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Scansion: shock and ahhh… shakespeare news The Shakespeare Standard theshakespearestandard.com shakespeare plays list play shakespeare

I have noted before (many times) now how Shakespeare’s plays are mostly written in poetry; here, in the case of Othello, nearly 80% of the lines are in verse. When the verse is metrical–and typically, we’re talking about blank verse/unrhymed iambic pentameter (you can check this out for a refresher course on scansion)–then variations from that regular meter can often point out something to help us as actors and directors.

With most plays, I take a look at acting direction we get from the scansion; but with Othello, I’m going to take a different tack: I’m going to take a “macro,” rather than “micro” view. I want to focus on two speeches and how their contrasting scansion helps define character and his linguistic strategy (not just the tactical choices of single words).

In Act One, Scene Three, Othello must defend himself against the charges of seduction through witchcraft, which Brabantio feels is the only way his daughter Desdemona would marry the Moor. Earlier in my discussions of Othello’s use of language, I said that in Othello’s speech to the “great ones of the city” (I.i.8), he knows his audience, knows their status and education, and crafts his message accordingly. But it’s not just his diction but his deviations from the basic iambic pentameter that helps create the “shock and awe” of his attention-grabber of a speech:


/ / ~ / ~ / ~ / ~ /

Most potent, grave, and reverend signiors,
~ / ~ / ~ / ~ / / / ~

My very noble and approved good masters,
~ / ~ / ~ / ~ / / / ~

That I have ta’en away this old man’s daughter,
/ / / / / / ~ / ~ /

It is most true; true I have married her.
~ / ~ / ~ / ~ / ~ / ~

The very head and front of my offending
~ / ~ / / / / ~ / / ~ /

Hath this extent, no more. Rude am I in my speech,
~ / ~ / / ~ / / ~ /

And little blessed with the soft phrase of peace;
~ / / / ~ / ~ -/- / /

For since these arms of mine had seven years’ pith,
~ / ~ / / / ~ / ~ /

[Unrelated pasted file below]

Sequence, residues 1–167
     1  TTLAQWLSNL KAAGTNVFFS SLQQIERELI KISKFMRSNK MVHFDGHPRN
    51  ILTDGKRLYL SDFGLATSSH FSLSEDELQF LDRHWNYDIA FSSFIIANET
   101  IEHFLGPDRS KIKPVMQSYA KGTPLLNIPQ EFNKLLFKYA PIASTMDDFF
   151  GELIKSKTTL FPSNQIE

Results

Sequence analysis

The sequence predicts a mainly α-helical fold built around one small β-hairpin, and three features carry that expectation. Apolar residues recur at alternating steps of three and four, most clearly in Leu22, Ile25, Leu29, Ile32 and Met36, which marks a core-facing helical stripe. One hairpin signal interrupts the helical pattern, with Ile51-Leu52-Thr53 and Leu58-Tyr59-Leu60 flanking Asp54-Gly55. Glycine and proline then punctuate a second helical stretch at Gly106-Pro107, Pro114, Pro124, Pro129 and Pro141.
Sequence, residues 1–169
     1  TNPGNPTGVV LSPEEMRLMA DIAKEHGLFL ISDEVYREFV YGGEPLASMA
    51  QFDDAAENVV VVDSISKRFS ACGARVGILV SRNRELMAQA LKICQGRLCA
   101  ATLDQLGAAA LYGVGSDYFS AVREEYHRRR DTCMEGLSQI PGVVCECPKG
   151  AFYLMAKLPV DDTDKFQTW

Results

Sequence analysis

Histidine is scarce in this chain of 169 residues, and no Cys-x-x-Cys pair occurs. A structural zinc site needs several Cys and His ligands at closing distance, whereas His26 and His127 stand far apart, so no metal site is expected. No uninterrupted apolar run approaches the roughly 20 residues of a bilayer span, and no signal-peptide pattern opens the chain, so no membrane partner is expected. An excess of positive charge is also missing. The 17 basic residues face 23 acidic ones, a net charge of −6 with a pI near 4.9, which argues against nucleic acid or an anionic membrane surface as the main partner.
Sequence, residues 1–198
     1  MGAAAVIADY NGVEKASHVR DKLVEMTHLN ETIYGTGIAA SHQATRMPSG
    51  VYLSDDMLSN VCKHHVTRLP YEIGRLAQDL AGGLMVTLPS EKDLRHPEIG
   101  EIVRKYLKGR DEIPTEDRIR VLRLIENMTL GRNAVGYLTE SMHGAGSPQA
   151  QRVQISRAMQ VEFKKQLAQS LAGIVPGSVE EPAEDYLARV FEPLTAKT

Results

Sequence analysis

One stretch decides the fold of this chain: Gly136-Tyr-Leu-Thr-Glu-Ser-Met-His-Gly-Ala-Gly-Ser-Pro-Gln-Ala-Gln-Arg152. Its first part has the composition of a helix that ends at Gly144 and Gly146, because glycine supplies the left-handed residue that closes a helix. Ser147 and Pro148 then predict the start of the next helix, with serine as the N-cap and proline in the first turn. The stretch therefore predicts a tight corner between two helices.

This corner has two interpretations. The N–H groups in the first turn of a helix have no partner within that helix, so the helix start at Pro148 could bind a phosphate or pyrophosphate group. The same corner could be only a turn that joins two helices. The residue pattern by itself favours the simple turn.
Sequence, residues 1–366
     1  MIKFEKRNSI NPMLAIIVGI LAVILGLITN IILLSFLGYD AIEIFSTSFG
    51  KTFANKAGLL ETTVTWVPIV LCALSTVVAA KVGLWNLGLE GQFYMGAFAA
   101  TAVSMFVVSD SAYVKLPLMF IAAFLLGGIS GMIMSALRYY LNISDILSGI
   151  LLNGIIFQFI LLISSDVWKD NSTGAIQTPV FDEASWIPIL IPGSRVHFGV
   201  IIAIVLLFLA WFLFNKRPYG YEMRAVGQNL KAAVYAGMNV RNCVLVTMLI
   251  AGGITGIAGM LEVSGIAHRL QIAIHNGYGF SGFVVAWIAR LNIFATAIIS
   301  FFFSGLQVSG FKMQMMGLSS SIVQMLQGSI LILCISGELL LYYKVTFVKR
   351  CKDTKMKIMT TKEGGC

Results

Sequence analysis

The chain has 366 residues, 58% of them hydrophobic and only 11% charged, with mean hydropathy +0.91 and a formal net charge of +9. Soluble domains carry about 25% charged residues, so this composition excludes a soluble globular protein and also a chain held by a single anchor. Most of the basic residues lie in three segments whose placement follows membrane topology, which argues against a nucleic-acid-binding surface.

Till now some nine moons wasted, they have used
~ / ~ / ~ / ~ / ~ /

Their dearest action in the tented field;
~ / ~ / ~ / / / ~ /

And little of this great world can I speak
/ ~ ~ / ~ / ~ / ~ / ~

More than pertains to feats of broil and battle;
~ / ~ / ~ / ~ / ~ /

And therefore little shall I grace my cause
~ / ~ / ~ / ~ / ~ / ~ / ~

In speaking for myself. Yet, by your gracious patience,
~ / ~ / ~ / ~ / ~ / ~

I will a round unvarnished tale deliver
~ / / / ~ / / / / /

Of my whole course of love—what drugs, what charms,
/ / ~ / ~ / / / ~ / ~

What conjuration, and what mighty magic
~ / ~ / ~ / ~ / ~ /

(For such proceeding I am charged withal)
~ / ~ / ~

I won his daughter.
  • I.iii.76-94

What we see here is fascinating. Of the speech’s 19 lines, only three are perfect iambic pentameter (or just under 16%); even if you allow for shortened lines and those with feminine endings (extra unstressed syllable at the end of the line), only a little over a third of the lines (36.8%) are conventionally iambic. On the other hand, we get nearly half of the lines–9 or over 47%–with multiple deviations from iambic pentameter. Over the course of the speech, there are three trochees that change the rhythm of the line, and a whopping 18 spondees that add extra stresses to the lines. That’s quite a bit of emphasis being hammered home. Of course, he has to hit this hard and fast: his life is facing the “bloody book of law” (I.iii.67).

That being said, while he needs to grab their attention, he has to be careful not to pound them into submission. It’s fitting that only two of the additional stressed syllables begins with a plosive consonant sound (“good” in the speech’s second line and “true” in the fourth). The rest are either nasals (like the first line’s “most”) or fricatives (like “soft” in line seven of the speech) or vowel sounds. It makes those extra stresses seem less like verbal explosions, more like pleas than threats. The only two relatively violently enunciated initial consonant sounds happen within the first quarter of the speech; file this under “shock.” The rest are for emphasis; and you can file that under “awe.”

Compare this to what we see in his next major speech, the “case he makes” following his “opening argument”:


~ / ~ / ~ / ~ / ~ /

Her father loved me, oft invited me,
/ / ~ / ~ / ~ / ~ /